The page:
Hence, focus on the key performance indicators (KPIs) that make a difference in your line of business. Please, ignore all the fluff that programs might give you as far as numbers are concerned and, instead, focus on those indicators that empower you to improve performance.

6 – use your Key Performance Indicators (KPIs) for continuous improvement

When deciding about your KPIs, please keep in mind that more than four might distract you from focusing on what you should. Most important, unless these make sense to your company’s decision-makers, the set of composite indices you propose as KPIs are useless.

As well, KPIs are useful if they show you trends that illustrate improvement or negative changes if they happen. To illustrate, comparing quarterly numbers is very common in the financial and sales world. However, if many of your clients are in Europe and you use Jan-March, April-June, July-Sept, Oct-Dec as your quarters, you must be aware that July and August are the months people go on summer vacation.

Accordingly, based on the ‘summer vacation’ factor, your KPIs might drop for that period without suggesting lower performance, of course. Hence, make sure your numbers reflect this reality.

As well, if your set of benchmarks or KPIs cannot be used to positively influence desirable outcomes (see point 3 above) why use such a KPI. Put differently, having 80 people provide positive comments on Twitter about your product last week is great. However, does it trickle down to a desirable outcome, such as getting additional clients or clinching another sale? If not, it is a nice number but your decision-makers will not be impressed, or will they?

If this post was helpful to you, please consider stumbling it — watch out:
follow us on Twitter be the first to know – subscribe
My.ComMetrics ranking your social media efforts
test drive the social media race course rock the boat – do it smarter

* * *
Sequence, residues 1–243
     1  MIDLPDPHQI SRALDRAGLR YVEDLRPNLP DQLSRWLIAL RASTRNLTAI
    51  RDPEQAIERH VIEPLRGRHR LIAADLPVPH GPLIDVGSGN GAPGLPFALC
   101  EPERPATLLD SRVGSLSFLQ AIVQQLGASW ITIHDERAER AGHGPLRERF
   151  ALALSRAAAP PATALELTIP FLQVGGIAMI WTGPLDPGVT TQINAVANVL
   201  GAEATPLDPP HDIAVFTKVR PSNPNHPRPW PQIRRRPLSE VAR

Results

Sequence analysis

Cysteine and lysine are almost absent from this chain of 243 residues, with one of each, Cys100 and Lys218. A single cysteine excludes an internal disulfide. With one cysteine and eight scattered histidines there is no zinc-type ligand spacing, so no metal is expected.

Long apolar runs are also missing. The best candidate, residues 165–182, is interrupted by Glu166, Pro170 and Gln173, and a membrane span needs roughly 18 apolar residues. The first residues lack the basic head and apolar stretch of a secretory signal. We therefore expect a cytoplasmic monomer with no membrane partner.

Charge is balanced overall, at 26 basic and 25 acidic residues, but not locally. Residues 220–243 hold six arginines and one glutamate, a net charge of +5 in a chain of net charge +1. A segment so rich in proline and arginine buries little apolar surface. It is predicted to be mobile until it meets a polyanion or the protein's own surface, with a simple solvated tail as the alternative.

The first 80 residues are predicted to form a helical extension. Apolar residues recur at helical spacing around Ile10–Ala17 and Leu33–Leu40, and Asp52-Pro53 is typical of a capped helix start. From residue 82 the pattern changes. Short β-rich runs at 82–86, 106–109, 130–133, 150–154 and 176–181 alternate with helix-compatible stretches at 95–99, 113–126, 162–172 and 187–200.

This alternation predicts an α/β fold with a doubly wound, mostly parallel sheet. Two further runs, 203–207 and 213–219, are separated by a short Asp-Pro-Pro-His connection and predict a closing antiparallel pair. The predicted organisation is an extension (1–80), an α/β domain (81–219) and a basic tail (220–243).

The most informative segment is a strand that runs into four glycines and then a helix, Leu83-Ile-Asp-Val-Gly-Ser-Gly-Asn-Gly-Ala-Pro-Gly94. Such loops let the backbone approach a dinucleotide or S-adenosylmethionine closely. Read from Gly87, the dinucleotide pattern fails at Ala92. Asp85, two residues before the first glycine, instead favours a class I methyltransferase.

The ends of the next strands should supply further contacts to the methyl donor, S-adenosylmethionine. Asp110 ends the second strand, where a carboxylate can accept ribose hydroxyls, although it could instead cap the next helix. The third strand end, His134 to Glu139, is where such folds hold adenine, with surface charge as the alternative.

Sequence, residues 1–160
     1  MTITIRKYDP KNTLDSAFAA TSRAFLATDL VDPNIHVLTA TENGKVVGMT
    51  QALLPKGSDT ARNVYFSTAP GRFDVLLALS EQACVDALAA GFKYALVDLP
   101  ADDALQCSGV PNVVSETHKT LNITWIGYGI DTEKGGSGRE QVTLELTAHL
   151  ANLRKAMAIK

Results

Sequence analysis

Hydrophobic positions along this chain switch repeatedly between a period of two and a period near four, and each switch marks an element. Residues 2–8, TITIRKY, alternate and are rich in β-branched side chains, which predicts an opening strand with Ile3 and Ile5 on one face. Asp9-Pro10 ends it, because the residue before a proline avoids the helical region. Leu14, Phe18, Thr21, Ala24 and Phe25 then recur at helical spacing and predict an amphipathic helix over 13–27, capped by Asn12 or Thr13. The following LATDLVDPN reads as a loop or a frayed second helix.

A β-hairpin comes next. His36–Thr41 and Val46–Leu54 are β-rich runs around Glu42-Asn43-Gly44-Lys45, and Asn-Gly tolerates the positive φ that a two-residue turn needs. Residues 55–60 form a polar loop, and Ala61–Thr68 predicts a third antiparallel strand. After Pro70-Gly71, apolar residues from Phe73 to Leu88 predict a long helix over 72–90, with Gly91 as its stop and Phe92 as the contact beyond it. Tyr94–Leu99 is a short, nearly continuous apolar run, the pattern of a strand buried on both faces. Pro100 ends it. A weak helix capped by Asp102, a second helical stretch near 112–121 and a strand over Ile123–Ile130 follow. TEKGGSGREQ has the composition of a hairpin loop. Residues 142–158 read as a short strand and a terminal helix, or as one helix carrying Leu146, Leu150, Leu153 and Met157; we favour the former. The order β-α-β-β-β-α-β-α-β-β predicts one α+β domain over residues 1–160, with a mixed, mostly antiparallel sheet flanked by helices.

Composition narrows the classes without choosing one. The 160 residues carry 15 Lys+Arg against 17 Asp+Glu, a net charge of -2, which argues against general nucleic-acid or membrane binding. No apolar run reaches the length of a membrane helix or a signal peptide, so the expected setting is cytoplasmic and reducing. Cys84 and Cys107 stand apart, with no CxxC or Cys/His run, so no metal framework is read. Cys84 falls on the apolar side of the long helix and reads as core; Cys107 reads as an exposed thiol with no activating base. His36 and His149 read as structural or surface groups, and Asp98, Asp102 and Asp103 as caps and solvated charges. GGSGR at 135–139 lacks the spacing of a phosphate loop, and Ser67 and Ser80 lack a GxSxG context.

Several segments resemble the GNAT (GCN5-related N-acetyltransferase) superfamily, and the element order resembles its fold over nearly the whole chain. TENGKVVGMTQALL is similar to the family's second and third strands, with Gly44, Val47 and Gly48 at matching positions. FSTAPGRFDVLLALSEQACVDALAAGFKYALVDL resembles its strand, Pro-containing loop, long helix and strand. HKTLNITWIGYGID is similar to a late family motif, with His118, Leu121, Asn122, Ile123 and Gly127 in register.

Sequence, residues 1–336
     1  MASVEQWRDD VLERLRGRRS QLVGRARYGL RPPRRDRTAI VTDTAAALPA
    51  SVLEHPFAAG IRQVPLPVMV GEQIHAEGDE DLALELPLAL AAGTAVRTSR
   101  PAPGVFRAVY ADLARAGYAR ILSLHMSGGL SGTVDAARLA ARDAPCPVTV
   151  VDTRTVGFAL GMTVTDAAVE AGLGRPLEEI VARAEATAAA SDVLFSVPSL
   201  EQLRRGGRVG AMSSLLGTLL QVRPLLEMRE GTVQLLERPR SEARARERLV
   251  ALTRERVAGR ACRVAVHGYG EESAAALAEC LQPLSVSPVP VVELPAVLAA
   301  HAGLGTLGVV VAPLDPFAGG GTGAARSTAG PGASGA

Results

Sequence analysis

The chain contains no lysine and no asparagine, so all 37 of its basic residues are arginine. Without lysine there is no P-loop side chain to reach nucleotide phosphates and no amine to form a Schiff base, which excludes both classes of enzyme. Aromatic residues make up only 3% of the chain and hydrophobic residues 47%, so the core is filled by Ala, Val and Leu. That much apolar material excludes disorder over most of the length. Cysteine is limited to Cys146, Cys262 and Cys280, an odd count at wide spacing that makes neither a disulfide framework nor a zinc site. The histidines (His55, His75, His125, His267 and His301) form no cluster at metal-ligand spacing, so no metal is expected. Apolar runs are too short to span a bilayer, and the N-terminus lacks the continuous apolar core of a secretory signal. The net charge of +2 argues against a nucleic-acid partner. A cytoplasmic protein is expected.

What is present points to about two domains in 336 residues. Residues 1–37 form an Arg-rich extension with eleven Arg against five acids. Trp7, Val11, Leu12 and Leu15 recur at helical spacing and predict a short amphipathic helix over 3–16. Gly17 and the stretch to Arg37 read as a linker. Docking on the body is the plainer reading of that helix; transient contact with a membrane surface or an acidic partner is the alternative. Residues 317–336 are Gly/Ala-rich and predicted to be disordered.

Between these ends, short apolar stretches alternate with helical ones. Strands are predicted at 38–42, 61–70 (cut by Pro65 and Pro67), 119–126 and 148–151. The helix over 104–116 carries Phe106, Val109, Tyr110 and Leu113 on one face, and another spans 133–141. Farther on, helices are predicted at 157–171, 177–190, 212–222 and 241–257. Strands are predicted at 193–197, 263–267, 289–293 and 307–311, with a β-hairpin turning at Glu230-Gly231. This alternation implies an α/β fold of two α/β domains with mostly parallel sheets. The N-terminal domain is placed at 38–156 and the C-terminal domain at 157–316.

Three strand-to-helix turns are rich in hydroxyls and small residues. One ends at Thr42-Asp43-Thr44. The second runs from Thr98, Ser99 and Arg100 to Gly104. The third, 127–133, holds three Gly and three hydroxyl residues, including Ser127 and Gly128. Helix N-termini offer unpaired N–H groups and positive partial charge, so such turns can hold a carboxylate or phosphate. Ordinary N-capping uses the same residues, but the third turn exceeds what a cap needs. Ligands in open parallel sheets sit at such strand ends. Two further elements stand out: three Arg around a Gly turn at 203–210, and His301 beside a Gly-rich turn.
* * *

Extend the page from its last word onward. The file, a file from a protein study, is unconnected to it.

Bottom Line

Even if we might agree that one should count whenever one could, a number in itself is meaningless, unless it provides you with the information that allows you to improve bottom line performance.

KPIs, benchmarks, metrics and so forth must allow you to show that your social media efforts help in generating higher sales, gain more clients or produce better grades in the courses you attend as a student.

If you spend a lot of money to get much more traffic on your blog while being unable to meet the payroll this month, what good does it? More data are not always helpful for generating better performance. Please keep that in mind.

  • http://www.kdpaine.com Katie Paine

    KDPaine & Partners started measuring social media before Radian 6 and Buzz Logic were even glimmers in their founders eyes. It’s not about the data, its about the outcomes and learning from the data what works and what doesn’t work. You might want to refer your readers to this: http://tinyurl.com/52tjxy

  • http://info.CyTRAP.eu Urs E. Gattiker

    Katie, thanks for the link I would even go a bit further, its not about brand but it is about who you want to reach or as I have called it audience…..

    I want to reach professionals and not consumers just for getting the numbers :-)

    thanks again.